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Method for embedded Cu wire in multicoated passive component

IP.com Disclosure Number: IPCOM000011943D
Publication Date: 2003-Mar-26
Document File: 6 page(s) / 441K

Publishing Venue

The IP.com Prior Art Database

Abstract

Disclosed is a method for embedded copper (Cu) wire in multicoated passive component. Benefits include improved reliability, improved performance, and improved support for future technology.

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Method for embedded Cu wire in multicoated passive component

Disclosed is a method for embedded copper (Cu) wire in multicoated passive component. Benefits include improved reliability, improved performance, and improved support for future technology.

Background

        � � � � � Resistor/capacitor pack (R-pack) solder-joint fatigue cracking causes electrical open failure after temperature cycling testing. A top view of the R-pack indicates solder fatigue typically occurs at the four-corners solder fillet due to high shear stress from the distance-to-neutral-point (DNP) effect (see Figure 1). The dotted red line indicates the cross-section direction. A high-magnification optical image shows a solder fatigue crack path indicated in a blue color arrow (see Figure 2). The image also indicates a single coating layer on a resistor pack terminal. Photos show a passive crack at the terminals under the die shadow of a processor (see Figure 3).

        � � � � � The cracking is attributed to the coefficient of thermal expansion (CTE) mismatch coupled with the lower pad area (increase in stress). The cracking path is closely matched with the stress-strain micrograph.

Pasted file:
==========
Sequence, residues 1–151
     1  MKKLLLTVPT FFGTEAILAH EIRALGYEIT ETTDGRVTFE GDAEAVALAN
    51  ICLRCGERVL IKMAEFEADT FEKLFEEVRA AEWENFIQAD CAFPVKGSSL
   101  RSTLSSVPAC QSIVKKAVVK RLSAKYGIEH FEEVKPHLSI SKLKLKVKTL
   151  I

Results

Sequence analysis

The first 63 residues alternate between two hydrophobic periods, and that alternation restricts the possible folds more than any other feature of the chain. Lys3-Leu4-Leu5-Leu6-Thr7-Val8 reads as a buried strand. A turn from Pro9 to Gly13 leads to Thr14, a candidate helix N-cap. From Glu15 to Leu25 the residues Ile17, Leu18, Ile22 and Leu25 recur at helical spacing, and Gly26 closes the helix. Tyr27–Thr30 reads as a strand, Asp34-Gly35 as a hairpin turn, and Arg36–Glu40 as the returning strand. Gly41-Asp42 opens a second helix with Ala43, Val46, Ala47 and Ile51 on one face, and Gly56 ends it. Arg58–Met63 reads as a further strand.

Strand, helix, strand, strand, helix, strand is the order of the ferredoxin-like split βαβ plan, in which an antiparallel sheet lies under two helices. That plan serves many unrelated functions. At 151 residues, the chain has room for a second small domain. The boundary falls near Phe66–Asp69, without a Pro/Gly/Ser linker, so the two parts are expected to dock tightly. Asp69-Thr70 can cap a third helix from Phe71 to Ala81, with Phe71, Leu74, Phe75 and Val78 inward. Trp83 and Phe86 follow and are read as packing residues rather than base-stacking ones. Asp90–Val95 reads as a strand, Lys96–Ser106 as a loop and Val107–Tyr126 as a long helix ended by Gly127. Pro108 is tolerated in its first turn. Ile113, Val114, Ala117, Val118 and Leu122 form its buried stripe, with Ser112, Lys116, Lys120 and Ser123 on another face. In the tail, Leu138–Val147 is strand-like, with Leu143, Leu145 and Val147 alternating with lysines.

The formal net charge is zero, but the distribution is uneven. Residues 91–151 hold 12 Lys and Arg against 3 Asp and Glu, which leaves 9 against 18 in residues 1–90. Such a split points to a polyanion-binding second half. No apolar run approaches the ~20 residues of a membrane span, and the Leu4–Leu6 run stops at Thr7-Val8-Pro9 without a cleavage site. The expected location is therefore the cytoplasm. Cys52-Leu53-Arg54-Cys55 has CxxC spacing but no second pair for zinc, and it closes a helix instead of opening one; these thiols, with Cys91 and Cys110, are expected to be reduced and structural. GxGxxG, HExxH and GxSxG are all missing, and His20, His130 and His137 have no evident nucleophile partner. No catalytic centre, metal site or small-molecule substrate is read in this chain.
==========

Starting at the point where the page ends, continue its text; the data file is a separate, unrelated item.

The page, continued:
� � � � � A conventional method to resolve resistor-pack solder fatigue failure is to enlarge the R-pack terminal coating area to increase the solder joint contact area. Another method is to utilize a larger Cu pad area on the PCB for larger terminal solder joint formation. However, these methods do not totally resolve R-pack fatigue because localized mechanical stress enhances solder fatigue.

        � � � � �

        � � � � � The conventional terminal coating layer is ~1.5 to 2.0 mils.

General description

        � � � � � The disclosed method is embedded Cu wire in multicoated passive component. Cu wire with a J-shape is embedded on a passive resistor pack terminal. This process step is followed by a solder coating process. The J-shape Cu wires block fatigue cracking of the R-pack and improve the solder fillet stand off that reduces the in-plane shear stress, enhancing the solder joint reliability.

        � � � � � The key elements of the method include:

•        � � � � Cu wire with a J-shape inserted on passive pack’s terminal to block the fatigue crack direction

•        � � � � Solder layer that is coated on top of the wire, embedding it under the coating

•        � � � � Terminal coating height of ~3.0 to 4 mils

•        � � � � Cu wire thickness of ~0.5 to 1.0 mils

•        � � � � Cu wire width of ~0.6 to 0.8 times the terminal...